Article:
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The Canadian dollar CADUSD gained slightly against its broadly weaker U.S. counterpart on Thursday after the Federal Reserve sent a dovish signal on the pace of interest rate hikes and as oil prices steadied.

The loonie was up 0.1% at 1.3340 to the greenback, or 74.96 U.S. cents, in a quiet North American session with U.S. markets closed for Thanksgiving. The currency traded in a range of 1.3317 to 1.3362.

“The USD tone remains defensive,” Shaun Osborne, chief currency strategist at Scotiabank, said in a note.

The greenback swooped towards a three-month low against a basket of major currencies and world shares touched a two-month high after minutes from the Fed’s latest meeting, released on Wednesday, pointed to a slower pace of U.S. rate rises from next month.

The Bank of Canada has already downshifted the pace of its rate increases but is likely not done yet with tightening. Money markets are pricing in a 25 basis point move at the next policy decision on Dec. 7.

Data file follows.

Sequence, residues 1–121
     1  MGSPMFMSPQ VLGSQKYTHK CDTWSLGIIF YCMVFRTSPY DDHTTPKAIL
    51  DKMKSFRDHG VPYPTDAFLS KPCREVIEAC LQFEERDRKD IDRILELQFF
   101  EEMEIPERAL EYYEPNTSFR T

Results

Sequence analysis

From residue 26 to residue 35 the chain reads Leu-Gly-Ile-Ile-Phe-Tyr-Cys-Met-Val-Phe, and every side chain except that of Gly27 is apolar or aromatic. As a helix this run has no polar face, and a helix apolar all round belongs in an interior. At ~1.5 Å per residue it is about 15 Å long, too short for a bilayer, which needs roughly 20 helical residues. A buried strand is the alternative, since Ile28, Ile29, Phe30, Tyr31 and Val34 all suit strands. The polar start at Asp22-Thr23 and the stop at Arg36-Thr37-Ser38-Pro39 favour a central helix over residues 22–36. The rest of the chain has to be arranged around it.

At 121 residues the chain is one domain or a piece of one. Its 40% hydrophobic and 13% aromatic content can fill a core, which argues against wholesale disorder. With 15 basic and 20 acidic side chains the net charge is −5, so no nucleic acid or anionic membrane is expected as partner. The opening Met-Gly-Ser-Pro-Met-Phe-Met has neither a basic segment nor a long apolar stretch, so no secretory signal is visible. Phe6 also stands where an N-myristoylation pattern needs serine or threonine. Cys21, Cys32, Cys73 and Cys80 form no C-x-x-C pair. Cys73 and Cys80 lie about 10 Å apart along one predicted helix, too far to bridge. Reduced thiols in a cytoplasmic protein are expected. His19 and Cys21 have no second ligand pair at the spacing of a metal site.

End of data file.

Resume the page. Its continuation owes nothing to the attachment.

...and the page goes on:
“Resilient growth, sticky inflation and elevated inflation expectations suggest some risk that markets are underpricing December policy hike risks,” Osborne said.

Inflation in Canada remains too strong, and higher interest rates will be needed to cool the overheating economy, BoC Governor Tiff Macklem said in testimony at the House of Commons on Wednesday.

The price of oil, one of Canada’s major exports, was little changed at about $78 a barrel, holding near two-month lows as the level of a proposed G7 cap on the price of Russian oil raised doubts about how much it would limit supply.

Canadian bond yields eased across the curve along with lower European yields.

The 10-year touched its lowest since Aug. 19 at 2.907% before recovering to 2.929%, down 4.4 basis points on the day.